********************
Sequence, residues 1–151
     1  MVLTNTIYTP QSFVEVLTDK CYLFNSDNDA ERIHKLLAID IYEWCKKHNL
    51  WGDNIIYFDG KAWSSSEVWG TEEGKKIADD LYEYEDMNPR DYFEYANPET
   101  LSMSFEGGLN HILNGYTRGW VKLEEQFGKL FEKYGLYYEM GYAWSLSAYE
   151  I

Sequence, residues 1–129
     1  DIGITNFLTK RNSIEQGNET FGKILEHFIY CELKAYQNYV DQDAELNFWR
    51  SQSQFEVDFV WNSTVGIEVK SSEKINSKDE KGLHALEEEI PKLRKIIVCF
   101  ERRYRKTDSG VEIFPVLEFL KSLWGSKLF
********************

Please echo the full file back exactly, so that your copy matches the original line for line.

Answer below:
Sequence, residues 1–151
     1  MVLTNTIYTP QSFVEVLTDK CYLFNSDNDA ERIHKLLAID IYEWCKKHNL
    51  WGDNIIYFDG KAWSSSEVWG TEEGKKIADD LYEYEDMNPR DYFEYANPET
   101  LSMSFEGGLN HILNGYTRGW VKLEEQFGKL FEKYGLYYEM GYAWSLSAYE
   151  I

Sequence, residues 1–129
     1  DIGITNFLTK RNSIEQGNET FGKILEHFIY CELKAYQNYV DQDAELNFWR
    51  SQSQFEVDFV WNSTVGIEVK SSEKINSKDE KGLHALEEEI PKLRKIIVCF
   101  ERRYRKTDSG VEIFPVLEFL KSLWGSKLF